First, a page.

Indeed do artists get there first.

So anyway, Korzysbski had lots to say about 'language hygiene' (or thinking clearly) just as Burroughs adopted the cut-up method to reveal underlying assumptions, prejudices and styles.

Count Alfred Koyrzybski - a marginalized, ignored or forgotten person in the main - offered a set of tools for eliminating sources of error in thinking and speaking, which would have not made him popular with the kind of people who fund research, or politicians and leaders, or advertising execs, or religious types, or... Well, you get the idea. I happen to think he had a point, and quite a few of his tools have become adopted by people without awareness of the source (perhaps).

We use 'air quotes' for dubiously used words; many scientific studies now have started to merge with the use of the hyphen (neuro-linguistic studies, socio-biological) etc, etc. The whole area of study now called NLP (neuro-linguistic programming) - whatever your reaction to those words - remains a study of how words affect us and our belief systems, and how we might need to change the words we use to think about things, to produce real change in the world. And so does the movement called Political Correctness.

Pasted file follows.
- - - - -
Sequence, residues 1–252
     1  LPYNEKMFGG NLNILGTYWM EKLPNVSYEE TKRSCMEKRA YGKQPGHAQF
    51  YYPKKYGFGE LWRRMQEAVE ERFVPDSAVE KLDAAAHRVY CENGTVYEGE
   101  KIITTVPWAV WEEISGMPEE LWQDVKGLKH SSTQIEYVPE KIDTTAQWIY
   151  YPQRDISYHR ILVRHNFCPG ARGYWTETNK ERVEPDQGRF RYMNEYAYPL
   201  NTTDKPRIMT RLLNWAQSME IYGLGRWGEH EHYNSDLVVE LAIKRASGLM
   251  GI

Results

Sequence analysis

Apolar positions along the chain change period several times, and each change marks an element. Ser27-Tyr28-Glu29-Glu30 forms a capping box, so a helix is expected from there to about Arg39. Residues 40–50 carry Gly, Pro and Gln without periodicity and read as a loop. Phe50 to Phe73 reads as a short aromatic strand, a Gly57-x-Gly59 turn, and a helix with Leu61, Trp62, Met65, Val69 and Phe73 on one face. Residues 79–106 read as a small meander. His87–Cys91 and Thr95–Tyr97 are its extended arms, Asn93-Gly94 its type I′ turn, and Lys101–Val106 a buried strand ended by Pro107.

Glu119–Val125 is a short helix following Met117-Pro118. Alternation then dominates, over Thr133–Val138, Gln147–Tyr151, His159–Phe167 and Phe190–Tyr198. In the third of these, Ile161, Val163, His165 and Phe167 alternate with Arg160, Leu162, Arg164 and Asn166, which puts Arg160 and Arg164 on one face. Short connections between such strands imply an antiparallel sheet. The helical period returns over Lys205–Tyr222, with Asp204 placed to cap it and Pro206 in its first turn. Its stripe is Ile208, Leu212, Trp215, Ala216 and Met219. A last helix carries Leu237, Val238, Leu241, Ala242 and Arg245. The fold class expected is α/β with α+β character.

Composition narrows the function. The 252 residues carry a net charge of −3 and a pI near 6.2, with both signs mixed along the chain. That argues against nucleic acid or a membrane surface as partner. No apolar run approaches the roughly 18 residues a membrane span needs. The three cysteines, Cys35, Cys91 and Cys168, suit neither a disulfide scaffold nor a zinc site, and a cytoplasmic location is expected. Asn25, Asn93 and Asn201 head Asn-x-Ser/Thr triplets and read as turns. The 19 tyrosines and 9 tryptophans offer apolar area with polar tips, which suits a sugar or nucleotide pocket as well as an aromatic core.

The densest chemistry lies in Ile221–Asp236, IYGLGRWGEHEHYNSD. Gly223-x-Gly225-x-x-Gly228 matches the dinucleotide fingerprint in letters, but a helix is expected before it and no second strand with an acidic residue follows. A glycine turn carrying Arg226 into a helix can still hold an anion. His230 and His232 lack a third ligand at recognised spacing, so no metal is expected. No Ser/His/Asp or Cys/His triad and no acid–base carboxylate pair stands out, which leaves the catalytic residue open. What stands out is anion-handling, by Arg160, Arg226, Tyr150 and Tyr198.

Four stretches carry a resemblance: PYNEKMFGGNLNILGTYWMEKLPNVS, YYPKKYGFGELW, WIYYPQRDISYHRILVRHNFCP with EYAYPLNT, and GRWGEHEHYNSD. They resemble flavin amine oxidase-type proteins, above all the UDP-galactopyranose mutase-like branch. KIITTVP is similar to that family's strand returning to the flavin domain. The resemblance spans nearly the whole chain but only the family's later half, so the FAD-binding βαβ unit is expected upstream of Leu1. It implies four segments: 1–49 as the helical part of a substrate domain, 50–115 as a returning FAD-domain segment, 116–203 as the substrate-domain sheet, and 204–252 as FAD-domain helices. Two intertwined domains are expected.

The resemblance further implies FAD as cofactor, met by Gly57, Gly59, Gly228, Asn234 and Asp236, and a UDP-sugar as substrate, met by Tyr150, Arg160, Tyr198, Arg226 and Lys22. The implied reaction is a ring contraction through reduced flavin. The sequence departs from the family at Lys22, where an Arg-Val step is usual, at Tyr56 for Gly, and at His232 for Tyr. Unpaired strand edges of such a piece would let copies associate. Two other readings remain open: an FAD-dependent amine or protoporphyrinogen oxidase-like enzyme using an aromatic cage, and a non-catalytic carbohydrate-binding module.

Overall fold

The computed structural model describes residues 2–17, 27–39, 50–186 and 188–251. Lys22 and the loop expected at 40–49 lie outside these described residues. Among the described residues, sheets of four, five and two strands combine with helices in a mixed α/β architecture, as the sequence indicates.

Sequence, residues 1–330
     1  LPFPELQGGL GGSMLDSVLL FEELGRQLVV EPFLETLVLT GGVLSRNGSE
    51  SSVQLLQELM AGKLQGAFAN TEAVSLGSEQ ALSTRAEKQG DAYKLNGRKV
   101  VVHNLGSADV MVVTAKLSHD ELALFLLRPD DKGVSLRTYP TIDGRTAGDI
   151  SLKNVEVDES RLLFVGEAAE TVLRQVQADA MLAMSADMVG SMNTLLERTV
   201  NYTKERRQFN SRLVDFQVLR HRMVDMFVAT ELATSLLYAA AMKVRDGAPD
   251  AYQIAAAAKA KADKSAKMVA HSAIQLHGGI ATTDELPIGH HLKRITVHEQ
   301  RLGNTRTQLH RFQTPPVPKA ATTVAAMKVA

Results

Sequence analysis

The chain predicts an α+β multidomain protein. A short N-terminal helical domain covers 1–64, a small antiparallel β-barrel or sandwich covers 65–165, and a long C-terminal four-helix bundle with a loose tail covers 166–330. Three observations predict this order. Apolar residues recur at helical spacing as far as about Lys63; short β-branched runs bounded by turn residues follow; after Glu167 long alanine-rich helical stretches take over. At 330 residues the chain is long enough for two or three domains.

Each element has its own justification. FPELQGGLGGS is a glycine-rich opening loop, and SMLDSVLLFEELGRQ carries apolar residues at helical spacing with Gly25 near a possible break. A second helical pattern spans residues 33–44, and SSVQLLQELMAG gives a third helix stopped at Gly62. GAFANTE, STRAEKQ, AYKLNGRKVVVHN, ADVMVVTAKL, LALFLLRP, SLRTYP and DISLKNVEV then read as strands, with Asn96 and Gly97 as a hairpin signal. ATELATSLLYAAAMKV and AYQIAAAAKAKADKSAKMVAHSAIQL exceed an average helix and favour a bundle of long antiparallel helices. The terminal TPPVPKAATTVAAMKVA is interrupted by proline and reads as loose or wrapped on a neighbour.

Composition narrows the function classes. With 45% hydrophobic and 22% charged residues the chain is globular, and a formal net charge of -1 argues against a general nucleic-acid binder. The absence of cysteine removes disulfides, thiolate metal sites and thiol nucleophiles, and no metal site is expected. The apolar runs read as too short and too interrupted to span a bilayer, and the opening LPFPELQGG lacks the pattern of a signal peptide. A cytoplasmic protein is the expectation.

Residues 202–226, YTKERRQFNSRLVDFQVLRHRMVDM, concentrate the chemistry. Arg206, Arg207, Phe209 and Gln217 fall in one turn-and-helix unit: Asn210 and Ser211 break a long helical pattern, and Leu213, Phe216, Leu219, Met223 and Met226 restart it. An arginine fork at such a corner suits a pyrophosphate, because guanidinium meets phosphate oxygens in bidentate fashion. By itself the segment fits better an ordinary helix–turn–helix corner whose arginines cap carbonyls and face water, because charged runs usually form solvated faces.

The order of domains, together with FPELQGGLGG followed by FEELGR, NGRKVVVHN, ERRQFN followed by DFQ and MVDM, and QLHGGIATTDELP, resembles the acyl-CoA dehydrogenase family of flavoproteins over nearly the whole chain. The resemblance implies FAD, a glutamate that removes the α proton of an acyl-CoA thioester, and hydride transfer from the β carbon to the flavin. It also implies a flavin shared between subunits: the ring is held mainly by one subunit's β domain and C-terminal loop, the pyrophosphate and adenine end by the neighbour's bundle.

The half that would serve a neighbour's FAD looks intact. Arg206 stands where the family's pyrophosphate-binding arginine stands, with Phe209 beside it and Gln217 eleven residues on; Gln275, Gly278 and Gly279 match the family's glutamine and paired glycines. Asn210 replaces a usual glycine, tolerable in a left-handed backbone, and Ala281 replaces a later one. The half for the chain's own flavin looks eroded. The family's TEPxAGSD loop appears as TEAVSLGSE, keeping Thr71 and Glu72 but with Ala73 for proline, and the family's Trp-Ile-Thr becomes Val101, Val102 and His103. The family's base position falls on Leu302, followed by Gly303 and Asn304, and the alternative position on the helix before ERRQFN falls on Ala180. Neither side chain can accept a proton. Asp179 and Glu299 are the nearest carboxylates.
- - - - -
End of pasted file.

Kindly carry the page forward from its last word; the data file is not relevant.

Symbolic Species: The Co-Evolution of Language and the Brain Terence Deacon

This review on Language Miniatures had a useful brief summary:
Copyright © 2001 by William Z. Shetter

"But is this perception really all that wide of the mark? Suppose we compare a language with something that really does have animate existence. Let's choose viruses:

  1. Like a virus, a language is an adaptive entity evolving with respect to its human hosts.

  2. Modern humans need this language parasite in order to flourish and reproduce.

  3. Humans ensure that languages, like viruses, are successfully replicated and passed on from host to host.